PUBLIC INTEREST CENTER, (614) 644-2160
MEDIA CONTACT: Heidi Griesmer
CITIZEN CONTACT: Mary McCarron
Ohio EPA Outlines Public Notification Guidelines for Algal Bloom-affected Drinking Waters
A new multi-tiered advisory system to notify the public if microcystin, and other compounds produced by blue-green algae, is detected in treated drinking water at local public water systems throughout the state has been developed by the Ohio Environmental Protection Agency (Ohio EPA) as part of its annual review.
The new advisory system is part of a strategy that has been updated annually since it was first created in 2011. As it has in years past, it includes a number of changes that build on the State’s experience and knowledge of harmful algal blooms. This year’s strategy includes new health advisory levels from U.S. EPA.
Earlier this summer, the U.S. EPA established national health advisory levels for microcystin and cylindrospermopsin based on drinking water over a 10 day period. While exceeding these advisory levels may not trigger an immediate do not drink advisory, potential health effects can occur from longer exposure to higher levels of these compounds in drinking water. In response, Ohio EPA and partnering agencies have established public notification protocols based on U.S. EPA’s proposed guidelines as part of a Public Water System Harmful Algal Bloom Response Strategy. New Ohio communication protocols include initial alerts when microcystin is first detected, consumption and use advisories for public water systems to follow, which are outlined below:
- Microcystin detected in treated water – Use or consumption of water is not restricted. An advisory is not in effect. The public water system is adjusting its treatment efforts to bring microcystin levels down. Additional sampling and testing are ongoing as Ohio EPA and the public water system work together to keep the public informed as the situation is resolved.
- Microcystin detected in treated drinking water at higher than 0.3 micrograms/liter (µg/l) over a period of time – the following individuals should not drink the water: bottle-fed infants and children younger than school age, pregnant women, nursing mothers, those with pre-existing liver conditions and those receiving dialysis treatment. These individuals may be more susceptible than the general population to the health effects of microcystins. For these individuals, alternative water should be used for drinking, making infant formula, making ice, brushing teeth, and preparing food. As a precautionary measure, the elderly and immune-compromised individuals may want to consider using an alternate water source for drinking, making ice, brushing teeth and preparing food. The public water system, Ohio EPA, local and state public health and emergency response agencies are working together to respond and the public water system is working to reduce microcystin levels and will keep the public informed as the situation is resolved.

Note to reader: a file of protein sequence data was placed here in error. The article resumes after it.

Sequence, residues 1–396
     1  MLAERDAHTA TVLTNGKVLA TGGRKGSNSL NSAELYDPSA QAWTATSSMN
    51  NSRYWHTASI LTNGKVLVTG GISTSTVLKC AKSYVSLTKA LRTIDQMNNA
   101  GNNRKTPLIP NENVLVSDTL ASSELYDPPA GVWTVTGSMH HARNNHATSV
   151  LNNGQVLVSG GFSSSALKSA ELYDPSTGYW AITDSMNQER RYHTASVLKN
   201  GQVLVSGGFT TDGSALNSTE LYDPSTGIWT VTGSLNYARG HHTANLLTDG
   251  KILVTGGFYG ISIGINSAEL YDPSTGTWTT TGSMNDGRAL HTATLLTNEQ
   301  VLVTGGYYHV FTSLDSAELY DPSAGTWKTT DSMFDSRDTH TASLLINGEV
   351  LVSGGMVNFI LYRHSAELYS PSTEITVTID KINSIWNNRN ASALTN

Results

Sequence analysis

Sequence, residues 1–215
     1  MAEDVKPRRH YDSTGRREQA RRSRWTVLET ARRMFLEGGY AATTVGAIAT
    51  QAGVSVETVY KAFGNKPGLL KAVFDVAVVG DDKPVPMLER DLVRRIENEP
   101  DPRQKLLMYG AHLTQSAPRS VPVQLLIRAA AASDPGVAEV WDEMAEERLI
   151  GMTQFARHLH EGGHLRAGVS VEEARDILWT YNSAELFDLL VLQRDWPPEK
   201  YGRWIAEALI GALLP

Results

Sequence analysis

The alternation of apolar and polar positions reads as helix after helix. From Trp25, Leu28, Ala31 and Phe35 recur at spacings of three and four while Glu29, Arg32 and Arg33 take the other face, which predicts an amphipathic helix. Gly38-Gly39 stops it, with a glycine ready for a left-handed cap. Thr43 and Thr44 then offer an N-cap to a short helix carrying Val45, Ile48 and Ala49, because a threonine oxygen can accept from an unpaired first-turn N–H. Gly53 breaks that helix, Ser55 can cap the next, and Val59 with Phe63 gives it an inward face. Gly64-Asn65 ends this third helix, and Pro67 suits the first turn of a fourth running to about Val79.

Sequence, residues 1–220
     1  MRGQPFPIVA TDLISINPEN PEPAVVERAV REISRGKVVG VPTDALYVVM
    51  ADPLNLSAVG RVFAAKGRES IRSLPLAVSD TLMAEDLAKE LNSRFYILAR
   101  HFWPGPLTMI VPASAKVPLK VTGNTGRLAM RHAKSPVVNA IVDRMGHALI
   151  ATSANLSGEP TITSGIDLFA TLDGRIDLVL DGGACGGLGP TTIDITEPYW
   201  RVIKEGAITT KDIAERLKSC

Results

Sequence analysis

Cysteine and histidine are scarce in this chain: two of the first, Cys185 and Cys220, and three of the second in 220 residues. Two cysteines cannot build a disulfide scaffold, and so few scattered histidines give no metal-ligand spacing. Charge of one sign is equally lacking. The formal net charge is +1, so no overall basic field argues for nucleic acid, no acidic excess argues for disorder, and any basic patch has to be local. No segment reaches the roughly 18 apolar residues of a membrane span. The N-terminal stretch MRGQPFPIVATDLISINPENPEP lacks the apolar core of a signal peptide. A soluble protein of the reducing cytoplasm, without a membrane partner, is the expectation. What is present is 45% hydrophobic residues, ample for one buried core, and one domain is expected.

- Microcystin detected in treated drinking water at higher than 1.6 µg/l over a period of time. – do not drink the water. For all age groups, alternative water should be used for drinking, making infant formula, making ice, brushing teeth, and preparing food. The public water system, Ohio EPA, local and state public health and emergency response agencies are working together to respond and the public water system is working to reduce microcystin levels and will keep the public informed as the situation is resolved.
In the event that any of these advisories are issued, additional instructions will be provided concerning water use, information on actions being taken to resolve the situation and notification when the advisory is lifted. All use advisories due to harmful algal blooms are available at ohioalgaeinfo.com.
Already this year, Ohio has made historic reforms to protect Lake Erie water quality, including:
- Requiring that all dredge material be diverted from open-lake disposal by 2020.
- Prohibiting manure or fertilizer from being applied to frozen, snow-covered or rain soaked ground in the Western Lake Erie Basin.
- Modifying new and existing wastewater discharge permits for major public wastewater treatment plants to expand monitoring and continue to limit phosphorus discharges in state waters.
- Requiring anyone applying livestock manure from the largest farms to obtain a certificate or an agricultural fertilizer applicator certificate to ensure that it is being done properly.
- Signing a new collaborative agreement with Michigan and Ontario to achieve a 40 percent reduction in the amount of phosphorus entering Lake Erie’s western basin by 2025.
The Ohio Environmental Protection Agency was created in 1972 to consolidate efforts to protect and improve air quality, water quality and waste management in Ohio. Since then, air pollutants dropped by as much as 90 percent; large rivers meeting standards improved from 21 percent to 89 percent; and hundreds of polluting, open dumps were replaced with engineered landfills and an increased emphasis on waste reduction and recycling.